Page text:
The Consumer’s Perspective
Let’s take a look from the consumer’s perspective. Financial illiteracy is alive and well, especially with baby boomers. Next, throw in brand confusion—the convergence in financial services has produced new players, company names, and products. Everybody is now playing in everybody else’s backyard. Insert the media’s frequent coverage on retirement planning and increased advertising dollars being spent targeting “the confused generation.” Now, throw in the fact that there is widespread incoherence around what the term “financial planner” even means. At its best, this situation is overwhelming to prospects, current clients, and maybe even your employees. At its worst, people are sticking their heads in the sand and saying, “leave me alone!”
Marketing financial products and services has always been an information and relationship sale. You are in the personal finance education business, whether you like it or not. And it’s not nearly as sexy as the ad agencies make it seem. No matter how many sailboats, moonlight beaches, or mansions your advertising agency plasters in print and on the airways, selling financial services and products makes prospects and clients deal with issues with which many are uncomfortable. It is no wonder that selling financial services demands a set of tools that moves far beyond the info dump and plethora of brochures that dominate the industry.
The Financial Firm’s Perspective
Let’s now take a look from the financial firms’ perspective. Mergers and acquisitions have been in full throttle. Corporate identities are still being created. Not only is there more competition, but it’s possible that the more serious competitors are residing within your own company. CRM is slowly permeating the lexicon of the financial world. Yet, with a few notable exceptions, financial firms lag far behind industries like retailing and airlines in data mining, making it almost impossible today to build a single integrated view of their customers.
On either side of the spectrum, change is the dominant theme. So given the current state of affairs, how do you execute a CRM strategy that promotes cross selling and up selling? How can you increase the chances that your CRM strategy will stick? Here are some of the best conditions for selling: When the sales force has complete access to a particular customer’s need or near-term future needs.
When the sales force knows and understands what cross selling and up selling mean in your firm.
When staff, partners, and suppliers work together to deliver what is promised.
When leadership teams agree on how to lead the transformation necessary to change culture, structures, systems, metrics, and behaviors to promote cross selling.
The Softer Side of CRM
All of the above conditions require more than technology solutions and product knowledge to execute. They require the softer side of the CRM equation: relationship building with customers, prospects, your boss, your peers, other departments, partners, and suppliers. If you want to solve the business challenge of cross selling and up selling, you’ll need to: Build trust. For financial planners, brokers or agents, that might require working with prospects in new ways. For corporate or home office staff, that might include building bridges with other departments or field staff. Develop a network of helpful relationships that will act as “oil” for the CRM machine. Research shows that the more helpful relationships there are, the more information is willingly shared. For financial planners, brokers or agents, that might mean prospecting in new ways. For corporate or home office staff, it might mean articulating and agreeing on a practical policy of real-time knowledge and information sharing. Build crucial social currency both with customers and with people inside the organization. The core of any social or economic relationship is trust. It’s all about influencing others to take action in the direction we want them to go.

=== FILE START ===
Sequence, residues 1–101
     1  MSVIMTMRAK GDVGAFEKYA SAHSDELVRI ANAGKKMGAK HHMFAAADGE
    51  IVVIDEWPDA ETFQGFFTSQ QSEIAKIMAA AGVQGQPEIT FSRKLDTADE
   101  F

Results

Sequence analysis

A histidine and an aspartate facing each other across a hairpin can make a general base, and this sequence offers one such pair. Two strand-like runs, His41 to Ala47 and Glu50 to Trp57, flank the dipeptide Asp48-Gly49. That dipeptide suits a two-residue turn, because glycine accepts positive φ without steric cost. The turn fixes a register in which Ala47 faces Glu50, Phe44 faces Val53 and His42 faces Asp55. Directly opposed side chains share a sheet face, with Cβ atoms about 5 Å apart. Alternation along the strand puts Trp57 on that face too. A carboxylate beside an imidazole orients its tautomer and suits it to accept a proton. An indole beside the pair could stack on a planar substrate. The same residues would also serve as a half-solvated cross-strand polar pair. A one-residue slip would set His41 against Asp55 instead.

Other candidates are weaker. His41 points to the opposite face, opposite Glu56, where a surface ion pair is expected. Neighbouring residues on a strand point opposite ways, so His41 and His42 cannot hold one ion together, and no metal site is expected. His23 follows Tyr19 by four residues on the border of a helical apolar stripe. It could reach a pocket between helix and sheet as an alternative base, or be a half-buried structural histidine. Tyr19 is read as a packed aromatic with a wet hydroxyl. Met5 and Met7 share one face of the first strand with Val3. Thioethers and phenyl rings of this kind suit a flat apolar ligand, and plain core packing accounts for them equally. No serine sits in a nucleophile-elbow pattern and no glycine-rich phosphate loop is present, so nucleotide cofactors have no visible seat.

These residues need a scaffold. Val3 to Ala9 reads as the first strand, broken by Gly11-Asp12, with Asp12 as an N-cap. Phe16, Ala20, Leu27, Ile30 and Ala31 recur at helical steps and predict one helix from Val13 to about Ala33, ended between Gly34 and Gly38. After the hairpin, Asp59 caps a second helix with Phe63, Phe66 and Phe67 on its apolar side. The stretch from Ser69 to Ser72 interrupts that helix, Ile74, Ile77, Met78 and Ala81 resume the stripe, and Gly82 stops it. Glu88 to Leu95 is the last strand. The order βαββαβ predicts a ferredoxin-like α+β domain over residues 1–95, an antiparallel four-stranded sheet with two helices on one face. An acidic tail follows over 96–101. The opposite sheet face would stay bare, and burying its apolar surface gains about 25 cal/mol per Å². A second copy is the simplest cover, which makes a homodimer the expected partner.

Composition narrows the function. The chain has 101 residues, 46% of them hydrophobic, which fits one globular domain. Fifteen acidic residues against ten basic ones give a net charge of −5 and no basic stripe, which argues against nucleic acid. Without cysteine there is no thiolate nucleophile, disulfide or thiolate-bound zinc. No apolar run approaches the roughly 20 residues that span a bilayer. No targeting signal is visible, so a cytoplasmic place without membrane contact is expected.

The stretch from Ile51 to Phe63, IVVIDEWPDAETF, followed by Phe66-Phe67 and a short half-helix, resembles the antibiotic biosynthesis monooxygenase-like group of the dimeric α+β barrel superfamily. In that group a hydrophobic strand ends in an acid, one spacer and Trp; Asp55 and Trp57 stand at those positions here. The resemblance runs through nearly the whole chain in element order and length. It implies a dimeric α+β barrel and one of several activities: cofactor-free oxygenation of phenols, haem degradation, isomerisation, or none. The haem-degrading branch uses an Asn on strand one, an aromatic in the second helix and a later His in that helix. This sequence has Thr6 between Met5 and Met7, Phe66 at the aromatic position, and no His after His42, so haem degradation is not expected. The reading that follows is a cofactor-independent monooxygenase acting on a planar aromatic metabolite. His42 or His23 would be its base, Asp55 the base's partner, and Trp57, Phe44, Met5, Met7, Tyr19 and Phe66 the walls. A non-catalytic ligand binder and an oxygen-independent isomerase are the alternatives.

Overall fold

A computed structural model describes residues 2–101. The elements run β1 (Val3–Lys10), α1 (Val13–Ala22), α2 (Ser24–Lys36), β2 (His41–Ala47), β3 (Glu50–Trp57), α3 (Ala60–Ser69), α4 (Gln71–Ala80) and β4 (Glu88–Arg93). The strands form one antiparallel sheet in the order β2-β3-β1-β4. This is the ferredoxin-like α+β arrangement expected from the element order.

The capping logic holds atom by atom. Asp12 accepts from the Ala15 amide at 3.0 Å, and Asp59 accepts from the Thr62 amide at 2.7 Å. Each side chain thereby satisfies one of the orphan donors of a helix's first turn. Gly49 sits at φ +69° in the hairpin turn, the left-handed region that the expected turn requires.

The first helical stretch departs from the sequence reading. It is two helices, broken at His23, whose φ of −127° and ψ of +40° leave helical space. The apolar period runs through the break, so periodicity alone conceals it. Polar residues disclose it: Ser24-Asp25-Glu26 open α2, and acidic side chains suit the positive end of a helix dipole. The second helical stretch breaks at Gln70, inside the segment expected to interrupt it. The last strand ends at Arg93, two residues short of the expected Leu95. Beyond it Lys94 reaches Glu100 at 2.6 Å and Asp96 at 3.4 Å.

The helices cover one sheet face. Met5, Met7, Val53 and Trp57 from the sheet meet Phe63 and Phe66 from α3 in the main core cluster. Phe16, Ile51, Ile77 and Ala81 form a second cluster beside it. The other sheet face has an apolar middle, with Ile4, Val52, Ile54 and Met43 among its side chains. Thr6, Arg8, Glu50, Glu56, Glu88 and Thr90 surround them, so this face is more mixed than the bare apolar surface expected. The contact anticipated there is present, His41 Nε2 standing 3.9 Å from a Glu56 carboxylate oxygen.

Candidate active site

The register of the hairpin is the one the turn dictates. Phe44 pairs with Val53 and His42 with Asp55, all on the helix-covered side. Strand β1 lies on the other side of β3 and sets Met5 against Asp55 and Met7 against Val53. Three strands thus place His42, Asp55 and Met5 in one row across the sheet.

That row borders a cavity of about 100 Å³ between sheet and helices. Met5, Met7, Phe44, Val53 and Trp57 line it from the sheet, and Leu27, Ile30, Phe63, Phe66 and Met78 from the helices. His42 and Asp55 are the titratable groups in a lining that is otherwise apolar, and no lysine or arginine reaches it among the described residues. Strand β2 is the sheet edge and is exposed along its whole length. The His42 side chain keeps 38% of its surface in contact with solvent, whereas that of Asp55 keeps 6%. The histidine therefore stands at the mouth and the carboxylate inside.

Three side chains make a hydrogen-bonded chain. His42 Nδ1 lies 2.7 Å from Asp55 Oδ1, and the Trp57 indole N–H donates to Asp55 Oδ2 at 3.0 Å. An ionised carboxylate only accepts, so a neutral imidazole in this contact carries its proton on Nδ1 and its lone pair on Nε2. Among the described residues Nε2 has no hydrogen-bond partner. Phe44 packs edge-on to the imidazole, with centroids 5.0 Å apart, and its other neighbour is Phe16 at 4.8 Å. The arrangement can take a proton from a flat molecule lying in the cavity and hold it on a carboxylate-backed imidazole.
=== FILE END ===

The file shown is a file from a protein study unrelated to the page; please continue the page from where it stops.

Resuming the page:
It’s a Process
Relationship building is a process of trust building. It is also an iterative process. It is a process of layering…the relationship starts at arm’s length, then grows more intimate as the trust builds, passing little tests along the way. This applies to all relationships—with customers, employees, peers, partners, and even competitors. Your internal experts in technology, marketing, corporate identity, operations, and sales must grow to learn how to be content experts in the business of relationship building. In today’s environment, CRM is screaming for experts on relationship building. Managing customer relationships can only happen after they’ve been properly built.
One word of caution for financial services firms as they march forward to the CRM tune: don’t worry so much about selling the features and benefits of your products. You’re already really good at that. Start worrying about how you can build relationships with your customers and prospects in new and different ways that will allow for cross selling and up selling. Remember the aphorism: A sure sign of insanity is doing the same old thing while expecting new and different results.
Originally published by CRMGuru.com , a service from Front Line Solutions, ©1998-2001